Is there a way I can make the iconic Beverly Hills 90210 theme in words – ddddd, clap, clap… Nah, that doesn’t work. Brenda! Ok, I’m in a weird mood as I write this quick review of Beverly Hills 90210 or as the cool kids call it BH90210. What the hell is this show? It’s not a reboot, it’s not a mockumentaray, it’s not even and it’s not even a reality show. It’s one of the weirdest things I’ve seen and after I got over the initial shock of it, I kind of love it. Beverly Hills 90210 airs on the Fox Networks starting this week.
As an old school BH90210 fangirl, I’ve been looking forward to seeing this all year. Unlike the CW reboot from a few years ago, which I liked a lot, this reboot was going to bring back everyone from the original cast. Brenda, Donna, David, Steve, Kelly, Brandon and even Andrea (who disappeared after season 5 during its original run). I was looking forward to seeing where these old friends are as adults. We got a brief glimpse during the previously mentioned CW reboot as it did feature Shannon Doherty’s Brenda Walsh. But this, this was a full-on continuation of the series I loved.
Imagine my surprise, shock and outrage when these were the actual actors. So, if this review wasn’t a confused mess by now, it’s going to get messier. You see the conceit of this show is that all of the actors are playing exaggerated, real life versions of themselves. So this is where it’s kind of a reality show about the cast getting back together to attend a Beverly Hills 90210 reunion at some convention.
Each cast member is well past their glory days and when we meet them they are barely functioning adults. Jason Priestly is a TV Director who needs to rehabilitate his image after getting into a fight with his lead actor. Ian Ziering attends the convention to promote his brand. Brian Austin Green spent his post 90210 years playing Mr. Mom to his while his far more successful wife is one of the biggest Pop stars in the world. Gabrielle Carteris is the head of the Screen Actor’s Guild (SAG). Shannon Doherty is some weird eco-savior. Jennie Garth is going through her 4th divorce and attends the convention to support her bestie the always broke Tori Spelling.
It’s just such a wacky way to do a reboot, I actually found myself actually googling everyone to see how much of the show was real verses fake and I’m still not quite sure. I mean we all know BAG is married to Megan Fox in real life and Gabrielle Carteris actually IS the President of SAG. After their wild weekend in Vegas, they go back to their real lives, but going back to the real world has a lot of consequences. Including cheating spouses, surprise pregnancies, one of the characters questioning their sexuality and more.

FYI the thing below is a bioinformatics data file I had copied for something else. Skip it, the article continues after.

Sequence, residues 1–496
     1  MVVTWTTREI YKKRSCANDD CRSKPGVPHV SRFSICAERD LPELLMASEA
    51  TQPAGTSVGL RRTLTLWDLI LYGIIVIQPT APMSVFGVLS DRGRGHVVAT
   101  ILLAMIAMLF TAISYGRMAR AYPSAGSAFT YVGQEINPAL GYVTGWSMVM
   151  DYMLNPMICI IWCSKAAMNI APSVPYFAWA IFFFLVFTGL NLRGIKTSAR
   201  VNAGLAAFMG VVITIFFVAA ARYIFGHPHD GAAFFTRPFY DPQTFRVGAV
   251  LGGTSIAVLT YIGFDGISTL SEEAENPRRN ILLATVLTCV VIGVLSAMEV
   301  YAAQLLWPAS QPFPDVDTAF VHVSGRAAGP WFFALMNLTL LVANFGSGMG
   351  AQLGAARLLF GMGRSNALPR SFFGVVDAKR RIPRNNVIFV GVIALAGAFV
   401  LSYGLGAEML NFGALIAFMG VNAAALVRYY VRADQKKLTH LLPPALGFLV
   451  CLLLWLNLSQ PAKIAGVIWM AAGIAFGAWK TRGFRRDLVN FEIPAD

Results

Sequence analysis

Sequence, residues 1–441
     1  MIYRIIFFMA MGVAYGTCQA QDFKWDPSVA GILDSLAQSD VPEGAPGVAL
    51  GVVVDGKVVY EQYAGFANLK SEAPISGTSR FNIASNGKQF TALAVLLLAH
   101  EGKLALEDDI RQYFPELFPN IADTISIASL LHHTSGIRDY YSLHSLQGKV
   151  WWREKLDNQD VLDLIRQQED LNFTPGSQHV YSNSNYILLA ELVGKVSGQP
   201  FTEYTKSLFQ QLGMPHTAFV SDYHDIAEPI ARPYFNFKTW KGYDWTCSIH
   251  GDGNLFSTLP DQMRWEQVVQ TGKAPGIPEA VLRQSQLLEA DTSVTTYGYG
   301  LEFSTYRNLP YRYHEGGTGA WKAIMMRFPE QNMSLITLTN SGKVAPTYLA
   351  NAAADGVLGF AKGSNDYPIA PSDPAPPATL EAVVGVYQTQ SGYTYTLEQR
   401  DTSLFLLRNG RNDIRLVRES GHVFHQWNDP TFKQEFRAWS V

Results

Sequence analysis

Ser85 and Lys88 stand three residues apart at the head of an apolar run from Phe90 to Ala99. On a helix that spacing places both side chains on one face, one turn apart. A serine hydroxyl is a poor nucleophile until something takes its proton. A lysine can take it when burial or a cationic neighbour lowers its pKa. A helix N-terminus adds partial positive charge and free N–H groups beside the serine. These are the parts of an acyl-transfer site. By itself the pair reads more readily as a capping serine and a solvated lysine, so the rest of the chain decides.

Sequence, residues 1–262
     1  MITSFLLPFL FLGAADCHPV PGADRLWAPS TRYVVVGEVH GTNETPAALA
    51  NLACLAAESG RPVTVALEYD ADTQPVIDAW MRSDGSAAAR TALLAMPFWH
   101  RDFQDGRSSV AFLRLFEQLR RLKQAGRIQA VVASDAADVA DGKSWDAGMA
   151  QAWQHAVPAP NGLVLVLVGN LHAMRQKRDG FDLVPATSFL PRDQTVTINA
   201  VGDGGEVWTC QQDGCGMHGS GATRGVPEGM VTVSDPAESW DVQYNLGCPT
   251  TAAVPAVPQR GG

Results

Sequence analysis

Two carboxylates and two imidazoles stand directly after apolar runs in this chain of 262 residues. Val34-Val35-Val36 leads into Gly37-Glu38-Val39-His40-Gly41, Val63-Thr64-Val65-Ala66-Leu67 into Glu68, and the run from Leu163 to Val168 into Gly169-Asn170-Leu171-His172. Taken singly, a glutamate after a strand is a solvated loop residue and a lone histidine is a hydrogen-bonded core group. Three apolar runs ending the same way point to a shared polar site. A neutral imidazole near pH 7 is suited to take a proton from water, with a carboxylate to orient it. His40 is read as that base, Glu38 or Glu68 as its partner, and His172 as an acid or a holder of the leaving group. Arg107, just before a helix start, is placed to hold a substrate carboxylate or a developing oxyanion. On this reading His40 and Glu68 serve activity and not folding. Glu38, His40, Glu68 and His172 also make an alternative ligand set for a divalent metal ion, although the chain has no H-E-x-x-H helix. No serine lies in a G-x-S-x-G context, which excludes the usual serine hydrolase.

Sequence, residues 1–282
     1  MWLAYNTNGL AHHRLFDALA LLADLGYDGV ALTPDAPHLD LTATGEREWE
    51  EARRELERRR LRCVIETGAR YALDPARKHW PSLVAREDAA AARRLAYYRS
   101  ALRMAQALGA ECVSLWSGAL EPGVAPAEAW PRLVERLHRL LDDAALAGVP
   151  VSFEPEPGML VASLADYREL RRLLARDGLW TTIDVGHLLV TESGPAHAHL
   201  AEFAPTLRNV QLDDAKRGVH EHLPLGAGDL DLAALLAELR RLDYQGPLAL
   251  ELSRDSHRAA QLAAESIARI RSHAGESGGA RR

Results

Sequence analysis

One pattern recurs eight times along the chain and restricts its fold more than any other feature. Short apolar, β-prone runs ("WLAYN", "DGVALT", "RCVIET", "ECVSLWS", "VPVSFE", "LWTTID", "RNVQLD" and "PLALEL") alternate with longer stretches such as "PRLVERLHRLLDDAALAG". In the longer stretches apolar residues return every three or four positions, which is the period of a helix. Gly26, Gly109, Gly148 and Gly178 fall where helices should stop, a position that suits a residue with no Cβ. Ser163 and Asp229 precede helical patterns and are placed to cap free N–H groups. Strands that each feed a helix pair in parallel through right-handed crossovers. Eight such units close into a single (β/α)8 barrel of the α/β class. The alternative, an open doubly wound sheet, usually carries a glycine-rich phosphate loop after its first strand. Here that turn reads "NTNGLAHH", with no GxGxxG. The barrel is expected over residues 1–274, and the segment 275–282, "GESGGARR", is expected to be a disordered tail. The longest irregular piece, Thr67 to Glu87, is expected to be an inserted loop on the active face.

Meanwhile Tori, desperate for money hits upon the idea that now is a perfect time to do a reboot. Network executives are gung ho for the idea, but she has to convince the rest of the cast to get onboard. I loved the idea that Shannon was secretly Brian’s best friend.
I’m not sure how they turn this concept into a limited run series, much less a multi-year thing. But even after the first two episodes you can see them setting up all the tv drama clichés and old Beverly Hills 90210 tropes, only they are going to try to do it as an “art imitates life” kind of thing. We see BAG and Tori’s sexual attraction, Tori and Jason have a fling in the first episode, despite his being married. Ian’s marriage is on the rocks which plays into the Steve Sanders screw up. Jennie has a daughter who wants to get into acting but after she was completely against it, she gives in. The question is will we see Jennie’s daughter attend school to bring in the high school element as well? After two episodes, I still don’t know how Shannon fits into it.
To address the elephant in the room, beyond raising a toast to Luke Perry, they don’t mention him at all in the first two episodes. Which is probably a good thing. You don’t want it to see like they are capitalizing on his death and you don’t want the show to be depressing either. I guess this was the best way to handle it. Acknowledge it briefly and then move on.
Nostalgia is a dangerous drug, I don’t know if I loved the first two episodes because they were good and weirdly subversive or if I just like seeing this group of people back together again. I’m down to see where this goes.
Final Grade B